Writing Through the Pain of an Unsolved Homicide

Sometimes a sprout can push through a crack in a sidewalk.  Likewise, openings for self-empowerment and healing can grow while living with the cement-like pain of an unsolved homicide.  By diving into our inward landscape and releasing that which grips internally, our relationship with and response to external experiences may be transformed.

Writing creates a path to allow what lies beneath the surface to be harnessed in meaningful and productive ways.

Why Write?

Verbalizing feelings comes with risks; to reveal means to expose and make vulnerable.  Writing connects the brain to the heart and emotions in a self-directed way.  When the internal process is expressed through writing, it creates a self-managed and nurturing container for verbalization. That verbalization is maintained within the secure perimeters of one’s own mind, heart and pen, opening and releasing when feeling safe to do so.

How Does Writing Help?

As the mind and heart connect to the pen we release and express our identity, history, experience, and wisdom, alongside our hopes and fears.  In expressing, we name.  In expressing, we validate.  Expression facilitates noticing the unseen, giving voice to and assimilating what might be compartmentalized or buried.

Writing therefore creates new pathways and roadmaps to integrate and define experience.  It alters the way emotions are experienced and can then open the door to reframing.

Writing Reframes

Just as a sprout pushes through a crack over time, reliving memories and experiences in the writing process will slowly begin to create a new sense of self and an evolving identity connected to but not controlled by the pain of living with an unsolved homicide.

This identity, rooted in the original trauma of a homicide, will integrate and grow feelings of what has been overcome and survived.  Reframing our heart to define our rights, our voice to act from the truth of our experience and finally, reframing our mind to direct our thoughts in self-empowered and validated ways.

Reframing reconstructs that which was lost at the time of a loved one’s homicide, i.e. the meaning of the homicide victim’s life, and our own, outside of the defining point of the murder. This sets the stage to rewrite the experience in and by one’s own terms, allowing the sprout of the trauma to break through the emotional oppression of this life experience.

Writing Empowers

Implementing a writing practice into daily life can be used to engage with and free one’s voice.  Embodying the mind-heart connection, forming a personal and safe container, noticing the unseen and reframing experiences develops strength, health and harmony within. This foundation of building inner congruence with one’s mind and heart is an avenue open to loved ones when justice remains closed.

It is in the expression of writing, whether shared with others or not, where the difference can be made between feeling trapped and feeling free.  Picking up the pen or putting fingers on a computer keyboard is the first step in directing the path of an inner storm.  Writing is a gift to yourself.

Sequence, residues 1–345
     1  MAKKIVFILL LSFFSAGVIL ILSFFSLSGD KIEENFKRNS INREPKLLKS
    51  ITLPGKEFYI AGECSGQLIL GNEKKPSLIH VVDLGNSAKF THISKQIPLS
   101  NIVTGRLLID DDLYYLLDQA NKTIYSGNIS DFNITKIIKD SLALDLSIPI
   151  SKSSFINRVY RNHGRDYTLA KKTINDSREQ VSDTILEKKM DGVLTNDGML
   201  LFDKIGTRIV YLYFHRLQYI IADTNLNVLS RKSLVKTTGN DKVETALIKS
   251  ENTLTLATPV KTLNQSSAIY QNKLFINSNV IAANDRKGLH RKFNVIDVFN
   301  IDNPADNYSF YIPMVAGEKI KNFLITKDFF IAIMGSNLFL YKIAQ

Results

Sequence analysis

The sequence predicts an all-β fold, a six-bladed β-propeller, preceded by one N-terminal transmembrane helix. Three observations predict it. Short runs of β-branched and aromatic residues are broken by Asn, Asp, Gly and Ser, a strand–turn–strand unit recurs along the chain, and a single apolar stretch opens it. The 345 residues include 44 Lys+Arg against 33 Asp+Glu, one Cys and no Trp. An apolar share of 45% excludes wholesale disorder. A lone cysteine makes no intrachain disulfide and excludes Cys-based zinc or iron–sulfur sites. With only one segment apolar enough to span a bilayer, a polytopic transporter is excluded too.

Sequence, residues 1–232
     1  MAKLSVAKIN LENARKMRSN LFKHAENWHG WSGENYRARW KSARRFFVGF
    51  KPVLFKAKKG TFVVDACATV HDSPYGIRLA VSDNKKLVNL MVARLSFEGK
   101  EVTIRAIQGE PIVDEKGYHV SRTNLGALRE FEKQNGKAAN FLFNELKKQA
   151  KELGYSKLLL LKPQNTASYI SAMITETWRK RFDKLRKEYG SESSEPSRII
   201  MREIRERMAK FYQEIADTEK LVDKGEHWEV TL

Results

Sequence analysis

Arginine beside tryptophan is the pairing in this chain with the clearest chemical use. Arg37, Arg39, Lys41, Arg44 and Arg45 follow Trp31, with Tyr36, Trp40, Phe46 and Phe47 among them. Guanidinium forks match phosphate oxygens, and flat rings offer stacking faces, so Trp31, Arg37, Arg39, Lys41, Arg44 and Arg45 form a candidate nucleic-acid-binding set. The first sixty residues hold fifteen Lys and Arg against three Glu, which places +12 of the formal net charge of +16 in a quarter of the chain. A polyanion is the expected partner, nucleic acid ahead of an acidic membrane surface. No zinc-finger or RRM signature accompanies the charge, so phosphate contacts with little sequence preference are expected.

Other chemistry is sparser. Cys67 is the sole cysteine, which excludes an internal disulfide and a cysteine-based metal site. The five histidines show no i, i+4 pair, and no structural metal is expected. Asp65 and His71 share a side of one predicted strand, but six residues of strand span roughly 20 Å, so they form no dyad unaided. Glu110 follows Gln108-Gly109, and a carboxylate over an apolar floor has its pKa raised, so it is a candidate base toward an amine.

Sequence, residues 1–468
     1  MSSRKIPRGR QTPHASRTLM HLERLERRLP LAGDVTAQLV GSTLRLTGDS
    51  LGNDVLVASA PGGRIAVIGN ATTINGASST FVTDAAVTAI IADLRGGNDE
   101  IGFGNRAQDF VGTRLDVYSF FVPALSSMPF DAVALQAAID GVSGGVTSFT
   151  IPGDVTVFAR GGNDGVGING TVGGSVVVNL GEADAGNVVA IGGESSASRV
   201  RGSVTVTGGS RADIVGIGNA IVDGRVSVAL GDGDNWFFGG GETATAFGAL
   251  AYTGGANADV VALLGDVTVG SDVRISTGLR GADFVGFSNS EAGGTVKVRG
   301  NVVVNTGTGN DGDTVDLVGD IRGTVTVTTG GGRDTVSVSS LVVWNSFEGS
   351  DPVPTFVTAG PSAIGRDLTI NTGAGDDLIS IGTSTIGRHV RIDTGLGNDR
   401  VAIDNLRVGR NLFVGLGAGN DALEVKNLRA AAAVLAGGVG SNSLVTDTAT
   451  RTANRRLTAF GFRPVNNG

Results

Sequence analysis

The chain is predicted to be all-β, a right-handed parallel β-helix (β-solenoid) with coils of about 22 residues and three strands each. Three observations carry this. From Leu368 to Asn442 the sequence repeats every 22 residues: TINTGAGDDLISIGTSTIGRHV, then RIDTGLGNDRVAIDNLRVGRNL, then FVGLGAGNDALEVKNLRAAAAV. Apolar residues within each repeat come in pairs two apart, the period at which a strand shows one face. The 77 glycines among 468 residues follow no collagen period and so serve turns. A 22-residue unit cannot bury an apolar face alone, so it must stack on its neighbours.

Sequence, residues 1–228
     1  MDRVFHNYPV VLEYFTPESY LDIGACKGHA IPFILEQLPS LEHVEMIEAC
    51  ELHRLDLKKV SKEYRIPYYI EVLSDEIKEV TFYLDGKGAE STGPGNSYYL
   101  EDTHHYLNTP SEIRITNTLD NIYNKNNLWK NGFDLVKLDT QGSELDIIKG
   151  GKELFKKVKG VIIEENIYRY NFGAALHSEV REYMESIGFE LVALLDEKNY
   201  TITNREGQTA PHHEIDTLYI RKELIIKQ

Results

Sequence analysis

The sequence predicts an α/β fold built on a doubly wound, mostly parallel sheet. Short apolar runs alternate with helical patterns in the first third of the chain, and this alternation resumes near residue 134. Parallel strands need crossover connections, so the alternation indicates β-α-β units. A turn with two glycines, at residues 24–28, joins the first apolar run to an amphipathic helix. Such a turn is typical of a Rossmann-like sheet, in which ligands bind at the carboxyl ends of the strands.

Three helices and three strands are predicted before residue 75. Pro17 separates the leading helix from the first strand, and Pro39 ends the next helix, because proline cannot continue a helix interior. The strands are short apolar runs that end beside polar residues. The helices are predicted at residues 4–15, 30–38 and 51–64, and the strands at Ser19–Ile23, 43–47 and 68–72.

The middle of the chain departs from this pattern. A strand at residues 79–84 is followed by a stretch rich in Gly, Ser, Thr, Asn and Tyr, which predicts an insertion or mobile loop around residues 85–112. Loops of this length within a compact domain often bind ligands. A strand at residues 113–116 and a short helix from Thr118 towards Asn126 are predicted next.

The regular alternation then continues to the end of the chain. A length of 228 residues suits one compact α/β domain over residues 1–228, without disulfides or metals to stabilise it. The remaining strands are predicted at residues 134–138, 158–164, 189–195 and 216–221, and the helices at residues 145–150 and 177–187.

Your tools are always with you – a notebook, a sticky note, a day calendar, a scrap of paper, the notes app on a phone – wherever you are, write.  It’s better out than in.

Read more by Lori Grande: Nurturing Oneself After a Homicide – Open to Hope

or Finding a Path Through Unresolved Grief – Open to Hope

Visit Lori Grande’s website: stillibreathe


Lori Grande

Lori Grande’s first career in addictions and HIV/AIDS social work has been followed by a career in elementary school teaching. She currently teaches Kindergarten in a private school in South Florida. When a true-crime reality show’s (The First 48) filming of her brother’s homicide investigation (2005) resulted in a botched case and all charges dropped against the suspect, she was catapulted into the center of the investigation; balancing the roles of mother and teacher with advocate and detective. An emotional breakdown thirteen years into the investigation led her on a path to transform the experience of living with an unsolved homicide. Eighteen years after her brother’s murder, Lori continues to advocate within the criminal justice system for justice and offer workshops on living with unsolved homicide at the Parents of Murdered Children (POMC) Annual Conference. She holds a BA in Communications from Boston University and a MA in Transforming Spirituality from Seattle University. She began journaling a year after her brother’s murder. In 2022, she created the website: stillibreathe.com, to spread awareness about homicide survivors’ experiences. The website provides a window into a crime victim’s engagement with the criminal justice system, alongside validation, encouragement, resources and hope. Finding inspiration in nature, she spends her spare time paddle-boarding, swimming in the ocean and visiting State Parks. Lori prides herself on exemplifying how an independent woman can thrive, in spite of loss, while living with joy, purpose and passion.

More Articles Written by Lori